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San Pedro man dies during Redondo Beach Triathlon

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Michael Charles Giardino. Photo courtesy of Andrew Giardino

Michael Charles Giardino. Photo courtesy of Andrew Giardino

A San Pedro man died Sunday after completing the swim portion of the Redondo Beach Triathlon.

Michael Charles Giardino, 48, was a “very proud” South Bay resident who attended San Pedro schools in his youth and was just two years away from a planned retirement, according to his son Andrew.

A pasteurizer for Swiss Dairy, “he was a man that loved everyone, and everyone loved him back,” Andrew said.

Giardino was athletic and ran, cycled, and swam often; he recently participated in local 5k and 10k races.

“He was the hardest-working person I have ever met; all his friends at Swiss Dairy say the same thing,” Andrew said.

“It’s not only my family that suffers; there are many people… people from his gym, people he rode with, people at the restaurants he ate at.”

Division Chief Steve Hyink of the Redondo Beach Fire Department, who received the distress call from on-duty lifeguards Sunday morning, said medical attention was administered to Giardino “immediately upon his exiting the water.”

“As soon as the lifeguard saw he was in distress, they helped him to the ground and immediately initiated CPR,” Hyink said. “He was walking when he came out of the water and the lifeguards saw he didn’t look like he was doing well and escorted him up [the beach], and down he went.”

On-duty lifeguards called in paramedics, who transported him from the beach near the Redondo Pier to Little Company of Mary Hospital. He died there later in the afternoon.

A cause of death is as yet unconfirmed.

“The lifeguards did an outstanding job,” triathlon race director Rick Crump said. “They were there in seconds doing what they do best. I was impressed with the response time of the Redondo Beach Fire Department and McCormick (Ambulance Service). The gentleman was in the best hands he could be in.”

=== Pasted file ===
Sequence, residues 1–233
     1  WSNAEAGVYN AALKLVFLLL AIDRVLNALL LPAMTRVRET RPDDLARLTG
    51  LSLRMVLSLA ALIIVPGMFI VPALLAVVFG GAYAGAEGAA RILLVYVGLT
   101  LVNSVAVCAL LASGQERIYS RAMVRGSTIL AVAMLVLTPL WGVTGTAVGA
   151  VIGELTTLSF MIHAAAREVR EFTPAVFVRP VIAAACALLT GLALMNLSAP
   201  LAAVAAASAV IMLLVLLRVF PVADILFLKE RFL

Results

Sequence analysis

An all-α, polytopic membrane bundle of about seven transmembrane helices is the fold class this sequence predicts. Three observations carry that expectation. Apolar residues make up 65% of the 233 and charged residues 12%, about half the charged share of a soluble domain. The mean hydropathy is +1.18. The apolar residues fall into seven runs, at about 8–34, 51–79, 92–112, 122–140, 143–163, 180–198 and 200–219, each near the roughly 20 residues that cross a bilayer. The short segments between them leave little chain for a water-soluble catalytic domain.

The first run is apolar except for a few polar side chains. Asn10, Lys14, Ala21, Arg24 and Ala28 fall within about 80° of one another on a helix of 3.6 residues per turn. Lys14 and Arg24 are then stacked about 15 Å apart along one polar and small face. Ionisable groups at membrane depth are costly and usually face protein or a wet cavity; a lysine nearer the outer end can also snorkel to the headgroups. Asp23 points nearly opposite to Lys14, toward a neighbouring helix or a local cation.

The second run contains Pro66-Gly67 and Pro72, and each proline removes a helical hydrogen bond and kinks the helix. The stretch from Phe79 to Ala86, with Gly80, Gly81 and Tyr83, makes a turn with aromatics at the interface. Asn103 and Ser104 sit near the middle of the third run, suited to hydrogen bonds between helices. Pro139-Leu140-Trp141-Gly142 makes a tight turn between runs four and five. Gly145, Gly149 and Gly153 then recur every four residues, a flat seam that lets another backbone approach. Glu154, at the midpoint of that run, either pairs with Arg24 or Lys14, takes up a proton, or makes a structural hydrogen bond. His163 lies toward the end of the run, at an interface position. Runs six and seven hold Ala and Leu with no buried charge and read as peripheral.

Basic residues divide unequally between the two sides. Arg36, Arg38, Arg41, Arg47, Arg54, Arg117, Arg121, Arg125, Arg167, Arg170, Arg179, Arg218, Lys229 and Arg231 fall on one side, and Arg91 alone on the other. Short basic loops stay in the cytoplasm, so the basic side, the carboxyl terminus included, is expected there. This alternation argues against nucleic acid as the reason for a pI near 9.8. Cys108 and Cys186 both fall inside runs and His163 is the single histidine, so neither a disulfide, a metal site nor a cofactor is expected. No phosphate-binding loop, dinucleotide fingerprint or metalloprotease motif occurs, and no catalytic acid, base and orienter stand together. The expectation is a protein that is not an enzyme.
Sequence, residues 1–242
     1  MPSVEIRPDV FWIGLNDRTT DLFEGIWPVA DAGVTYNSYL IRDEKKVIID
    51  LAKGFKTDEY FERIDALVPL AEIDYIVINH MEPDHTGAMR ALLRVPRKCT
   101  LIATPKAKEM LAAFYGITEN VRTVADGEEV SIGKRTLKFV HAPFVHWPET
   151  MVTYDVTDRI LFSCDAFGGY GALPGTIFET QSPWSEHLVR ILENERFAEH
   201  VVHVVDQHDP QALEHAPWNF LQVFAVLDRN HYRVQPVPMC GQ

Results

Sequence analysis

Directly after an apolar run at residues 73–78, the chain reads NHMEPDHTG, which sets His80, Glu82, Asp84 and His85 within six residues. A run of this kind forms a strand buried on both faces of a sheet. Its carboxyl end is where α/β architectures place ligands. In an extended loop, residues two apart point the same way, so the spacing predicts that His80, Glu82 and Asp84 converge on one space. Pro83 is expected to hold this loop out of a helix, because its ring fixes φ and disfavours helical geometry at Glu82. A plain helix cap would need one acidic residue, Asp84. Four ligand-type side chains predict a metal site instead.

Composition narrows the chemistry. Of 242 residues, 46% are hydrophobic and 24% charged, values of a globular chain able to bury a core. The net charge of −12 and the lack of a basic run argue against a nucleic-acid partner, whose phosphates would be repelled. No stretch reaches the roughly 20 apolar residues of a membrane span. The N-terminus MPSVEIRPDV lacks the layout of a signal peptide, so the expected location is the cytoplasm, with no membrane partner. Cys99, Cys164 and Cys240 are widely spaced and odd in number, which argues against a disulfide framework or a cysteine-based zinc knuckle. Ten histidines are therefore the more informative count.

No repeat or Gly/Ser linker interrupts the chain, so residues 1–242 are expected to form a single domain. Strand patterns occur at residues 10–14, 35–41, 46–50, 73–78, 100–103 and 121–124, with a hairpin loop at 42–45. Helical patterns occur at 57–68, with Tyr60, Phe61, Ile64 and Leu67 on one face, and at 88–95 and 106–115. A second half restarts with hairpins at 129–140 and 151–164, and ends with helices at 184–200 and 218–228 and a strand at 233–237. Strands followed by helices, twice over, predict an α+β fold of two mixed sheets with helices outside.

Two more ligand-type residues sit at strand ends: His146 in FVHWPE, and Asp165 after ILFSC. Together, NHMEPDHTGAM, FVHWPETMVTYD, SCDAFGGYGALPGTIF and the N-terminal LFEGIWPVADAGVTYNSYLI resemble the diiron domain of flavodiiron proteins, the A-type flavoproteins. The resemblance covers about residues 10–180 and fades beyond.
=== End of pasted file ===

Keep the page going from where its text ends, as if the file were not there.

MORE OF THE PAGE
USA Triathlon, the official national body governing triathlon events, commissioned a study last October into deaths that occurred during triathlons. The study found that between 2003 and 2011, there were 45 fatalities, or one death for every 76,000 participants.

“Among the 43 race-related athlete deaths, five were traumatic, caused by injuries sustained in cycling crashes; the remaining 38 deaths were non-traumatic. Of the 38 non-traumatic fatalities, 30 occurred during the swim, three occurred during the bike, three occurred during the run, and two occurred after an athlete had completed a race,” the report reads.

Crump has said Sunday’s fatality was not race-related. This weekend marked the ninth year of the Redondo Beach Triathlon; 600 triathletes competed in the USA Triathlon sanctioned event that includes a half-mile swim, six-mile bike ride, and two-mile run.

Giardino is survived by his mother, sister, wife and two children – both of whom intend to complete next year’s triathlon in their father’s memory – and his granddaughter.

“The world is a darker place without [my father’s] bright smile,” Andrew said. “Me, my sister, my brother-in-law, and many others will be in next year’s race. We will all finish in my father’s honor, or die trying.”


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